The Swag

June 25, 2012

Details From Deener

Filed under: Uncategorized — The Swag @ 6:42 pm


A week or so ago, The Wall Street Journal had an article about a Roll Call on popular sports (see Saturday/Sunday June 9-10). “Governments around the world spend millions to get their citizens off the couch and onto the sports field.” Companies work hard to make sports equipment to tantalize people to get going. A report from the National Sporting Goods Association shows that the percentage of participants seven years of age and older participated more in hiking than tennis, soccer, baseball, golf and basketball. So now you know why our Romantic Mountaintop Hiking Resort is such a hit. In 2011 more than 40,000,000 participated in hiking!

So we had such fun when one of our couples (from Florida) decided to take a hike that no one has thought about taking. They left The Swag on the Cataloochee Divide trail, down Double Gap Trail to Caldwell Fork, up past The Big Trees to Rough Fork and Paul’s Gap and back home to The Swag. When Dan and I saw them coming home by way of the vegetable garden, they said the hike was just “four miles longer than they would have liked.” However, they said it was beautiful.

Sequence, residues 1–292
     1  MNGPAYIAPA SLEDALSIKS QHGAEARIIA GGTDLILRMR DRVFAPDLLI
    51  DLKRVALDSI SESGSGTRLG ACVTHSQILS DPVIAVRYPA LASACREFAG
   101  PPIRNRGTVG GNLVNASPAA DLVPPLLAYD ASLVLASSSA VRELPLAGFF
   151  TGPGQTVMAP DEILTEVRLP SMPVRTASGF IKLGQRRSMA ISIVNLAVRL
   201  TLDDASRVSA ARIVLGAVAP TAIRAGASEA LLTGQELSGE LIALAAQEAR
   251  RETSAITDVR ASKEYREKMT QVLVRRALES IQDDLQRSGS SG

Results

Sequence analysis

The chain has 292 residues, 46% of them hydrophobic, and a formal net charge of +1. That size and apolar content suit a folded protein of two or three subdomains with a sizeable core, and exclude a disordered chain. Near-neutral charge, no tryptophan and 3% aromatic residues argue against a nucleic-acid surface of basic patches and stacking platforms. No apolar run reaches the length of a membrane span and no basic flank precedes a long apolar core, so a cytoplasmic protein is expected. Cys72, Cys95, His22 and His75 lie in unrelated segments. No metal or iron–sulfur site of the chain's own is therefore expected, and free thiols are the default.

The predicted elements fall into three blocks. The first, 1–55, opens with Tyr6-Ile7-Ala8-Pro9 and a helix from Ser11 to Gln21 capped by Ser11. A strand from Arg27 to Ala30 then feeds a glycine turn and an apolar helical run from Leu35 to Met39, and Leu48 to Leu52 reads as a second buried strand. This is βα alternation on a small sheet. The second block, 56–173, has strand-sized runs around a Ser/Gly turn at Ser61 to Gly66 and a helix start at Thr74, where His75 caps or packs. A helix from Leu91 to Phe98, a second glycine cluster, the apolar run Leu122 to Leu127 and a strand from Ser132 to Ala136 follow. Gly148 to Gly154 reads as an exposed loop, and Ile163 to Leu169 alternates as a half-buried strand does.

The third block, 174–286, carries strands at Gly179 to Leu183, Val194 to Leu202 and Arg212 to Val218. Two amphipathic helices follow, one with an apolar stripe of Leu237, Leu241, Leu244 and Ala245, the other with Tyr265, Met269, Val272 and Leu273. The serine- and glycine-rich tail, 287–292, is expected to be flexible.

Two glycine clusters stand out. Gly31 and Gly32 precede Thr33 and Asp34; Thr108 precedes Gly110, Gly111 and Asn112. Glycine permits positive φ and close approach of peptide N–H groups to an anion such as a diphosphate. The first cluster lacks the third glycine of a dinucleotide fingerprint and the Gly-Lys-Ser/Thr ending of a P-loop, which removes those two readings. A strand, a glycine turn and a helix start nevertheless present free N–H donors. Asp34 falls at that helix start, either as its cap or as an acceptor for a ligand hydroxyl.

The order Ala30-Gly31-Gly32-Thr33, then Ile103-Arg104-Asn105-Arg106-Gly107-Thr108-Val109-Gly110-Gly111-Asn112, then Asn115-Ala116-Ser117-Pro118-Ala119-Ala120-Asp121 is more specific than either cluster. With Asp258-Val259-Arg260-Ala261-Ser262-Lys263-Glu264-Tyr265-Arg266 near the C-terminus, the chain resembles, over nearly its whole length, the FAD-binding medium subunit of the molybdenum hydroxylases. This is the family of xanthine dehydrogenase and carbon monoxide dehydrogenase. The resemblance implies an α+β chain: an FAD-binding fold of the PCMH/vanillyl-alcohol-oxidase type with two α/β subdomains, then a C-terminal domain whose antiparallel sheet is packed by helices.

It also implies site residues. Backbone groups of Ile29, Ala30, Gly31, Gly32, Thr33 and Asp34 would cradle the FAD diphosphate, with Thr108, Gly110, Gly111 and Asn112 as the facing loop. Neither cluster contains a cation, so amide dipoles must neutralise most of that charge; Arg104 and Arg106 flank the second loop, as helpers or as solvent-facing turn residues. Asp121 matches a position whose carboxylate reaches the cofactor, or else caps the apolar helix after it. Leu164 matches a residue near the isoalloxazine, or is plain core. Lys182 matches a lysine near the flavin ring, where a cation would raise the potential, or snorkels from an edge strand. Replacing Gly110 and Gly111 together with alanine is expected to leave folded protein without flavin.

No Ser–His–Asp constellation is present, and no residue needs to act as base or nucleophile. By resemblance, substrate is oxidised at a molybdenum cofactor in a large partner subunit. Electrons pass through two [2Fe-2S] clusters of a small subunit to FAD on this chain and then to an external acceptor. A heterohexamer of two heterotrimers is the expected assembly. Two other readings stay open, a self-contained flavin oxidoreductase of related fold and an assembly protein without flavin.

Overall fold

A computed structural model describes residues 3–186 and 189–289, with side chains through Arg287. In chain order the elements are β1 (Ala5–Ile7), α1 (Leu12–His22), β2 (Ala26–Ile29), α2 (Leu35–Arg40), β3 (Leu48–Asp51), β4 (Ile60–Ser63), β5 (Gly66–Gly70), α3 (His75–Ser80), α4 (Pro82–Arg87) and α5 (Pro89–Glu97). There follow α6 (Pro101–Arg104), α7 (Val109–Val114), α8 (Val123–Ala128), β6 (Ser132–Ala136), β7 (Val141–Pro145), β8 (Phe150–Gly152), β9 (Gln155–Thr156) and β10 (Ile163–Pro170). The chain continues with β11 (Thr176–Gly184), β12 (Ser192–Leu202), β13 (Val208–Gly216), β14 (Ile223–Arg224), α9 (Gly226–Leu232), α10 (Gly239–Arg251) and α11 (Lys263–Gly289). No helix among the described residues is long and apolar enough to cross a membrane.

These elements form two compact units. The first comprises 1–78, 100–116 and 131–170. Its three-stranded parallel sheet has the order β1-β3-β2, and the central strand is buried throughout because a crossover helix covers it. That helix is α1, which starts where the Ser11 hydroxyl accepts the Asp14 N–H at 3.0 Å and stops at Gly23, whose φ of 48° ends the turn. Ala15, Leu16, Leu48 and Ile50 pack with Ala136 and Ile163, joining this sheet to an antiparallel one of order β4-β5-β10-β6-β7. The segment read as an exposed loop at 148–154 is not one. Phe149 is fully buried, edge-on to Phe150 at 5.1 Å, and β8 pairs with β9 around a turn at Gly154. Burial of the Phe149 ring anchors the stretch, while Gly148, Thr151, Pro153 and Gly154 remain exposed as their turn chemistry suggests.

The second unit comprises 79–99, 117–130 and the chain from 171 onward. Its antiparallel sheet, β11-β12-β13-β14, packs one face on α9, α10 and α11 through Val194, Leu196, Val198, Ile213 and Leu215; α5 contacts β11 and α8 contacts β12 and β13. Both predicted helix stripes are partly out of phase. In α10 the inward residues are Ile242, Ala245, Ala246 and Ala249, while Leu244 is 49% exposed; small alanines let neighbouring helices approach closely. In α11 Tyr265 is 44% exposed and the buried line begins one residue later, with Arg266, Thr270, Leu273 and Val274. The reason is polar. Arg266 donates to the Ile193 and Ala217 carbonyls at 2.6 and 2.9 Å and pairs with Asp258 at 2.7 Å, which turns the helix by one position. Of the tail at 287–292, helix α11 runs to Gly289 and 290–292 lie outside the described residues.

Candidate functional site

Last weekend Charles Maynard and a group hiked two excellent hikes. One from The Swag to Cove Creek Gap and back past Taylor’s Turnaround and then up via The Purchase, Ferguson’s Cabin and home.

The next day they drove down into Cataloochee and walked the beautiful gravel road trail to Little Cataloochee Church. This has always been one of my favorites. I have taken people there to see the dates on tombstones of little children lost to illnesses we no longer fear.

Charles Maynard

Of course each night we heard another story from Charles — some of his “Jack Tales” and some of just fun stories like his adventures in elementary school and Old Cy, the school janitor. Those of you who have been here for Charles’ stories, remember the fire drill and “stop, drop and roll.”

FYI,  Janice, his wife,  has hit the big time with her romance novels. Charles continues to write and put together new facts for new books.  Each evening, before hors d’oeuvres, he met us in the Chestnut Lodge to tell us bits from new books he will write.  One was about the Conqistadores who trod these trails long before the Cherokees did.  We learned that man has been in these oldest of mountains for at least 12,000 years.  Charles’s remarable coffee table book, The Blue Ridge, has fabulous photography and delves into the history of these remarkable mountains and their people.